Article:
Parkhill National Historic Site of Canada

Parkhill, Ontario
Location of Parkhill NHSC in Ontario (© Natural Resources Canada, 2002 / Ressources naturelles Canada, 2002)
Locational map
(© Natural Resources Canada, 2002 / Ressources naturelles Canada, 2002)
Address : Parkhill, Ontario

Recognition Statute: Historic Sites and Monuments Act (R.S.C., 1985, c. H-4)
Designation Date: 1982-06-12

Event, Person, Organization:
  • Paleo-Indians  (People, group)
Other Name(s):
  • Parkhill  (Designation Name)
Research Report Number: 1982-SUA, 2005-SDC-110

Description of Historic Place

Parkhill National Historic Site of Canada is located near Parkhill, Ontario. This archaeological site was once a Paleo-Indian settlement on an ancient lakeshore, which represents an early lake level above that of modern Lake Huron. Now set on a flat, cultivated field, the site covers approximately 0.5 hectares (1.2 acres) just north of Parkhill Creek. The heavy clay soil contains archaeological remains that date to 8800- 7800 B.C., at which time the site formed the shoreline of ancient Glacial Lake Algonquin. It is the earliest, firmly dated Paleo-Indian habitation site in Ontario. Official recognition includes all nine artifact clusters identified during initial investigations at the site, and include a 30-metre perimeter outside their peripheries.

Heritage Value

Parkhill was designated a national historic site of Canada in 1982 because: it produced a large, unusually complete artifact inventory, including over 125 fluted points; its discrete features and activities areas represent several aspects of everyday Paleo-Indian lifeways.

Parkhill National Historic Site of Canada is significant not only for its relatively large size and its number of pointed flutes, but also because it represents the only Paleo-Indian habitation site in the Great lakes area. Measuring approximately 243 metres wide and 495 metres long the site possesses one of the largest Clovis artefact inventories of any known sites. No other Ontario site has produced as many fluted points as Parkhill. The site is thought to have existed in a sheltered southern exposure, near a tributary stream and in proximity to pine and spruce. This location probably offered a rich environment between the edge of the ancient lakebed and the fossil beach. The productivity of the site make it noteworthy, as do the wide range of tool types recovered, which includes points, bi-face performs, scrapers, knives, gravers, a fluted drill and quantities of channel flakes and “débitage”.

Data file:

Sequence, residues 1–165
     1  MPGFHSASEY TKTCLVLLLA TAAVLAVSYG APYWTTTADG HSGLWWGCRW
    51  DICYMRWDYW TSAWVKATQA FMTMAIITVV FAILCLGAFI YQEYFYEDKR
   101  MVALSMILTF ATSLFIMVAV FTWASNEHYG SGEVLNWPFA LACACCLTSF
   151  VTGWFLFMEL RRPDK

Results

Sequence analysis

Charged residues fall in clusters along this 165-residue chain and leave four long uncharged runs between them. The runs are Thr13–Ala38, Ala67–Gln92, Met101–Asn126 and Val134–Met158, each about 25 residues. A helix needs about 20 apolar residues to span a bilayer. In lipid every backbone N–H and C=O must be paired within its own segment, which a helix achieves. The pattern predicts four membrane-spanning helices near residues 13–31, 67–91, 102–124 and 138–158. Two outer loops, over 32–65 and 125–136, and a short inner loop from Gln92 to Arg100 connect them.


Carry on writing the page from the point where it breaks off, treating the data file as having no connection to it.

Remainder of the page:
Sources: Historic Sites and Monuments Board of Canada, Minutes, October, 1972, June 1982, December 2005.

Character-Defining Elements

The key elements that contribute to the heritage character of this site include: the location on what was an ancient lake shore, which represents an early lake level above that of modern Lake Huron; the current setting on a flat, cultivated field just north of Parkhill Creek; the integrity and materials of the extensive surviving archaeological remains, features and artifacts in their original placement and extent, including the in situ vestiges, the remains of tool workings and various discrete archaeological features both identified and as yet unidentified features that date to approximately 8800-7800 B.C.; the viewscapes to and from the site and the immediate surroundings that facilitate its recognition as an ancient lakeshore.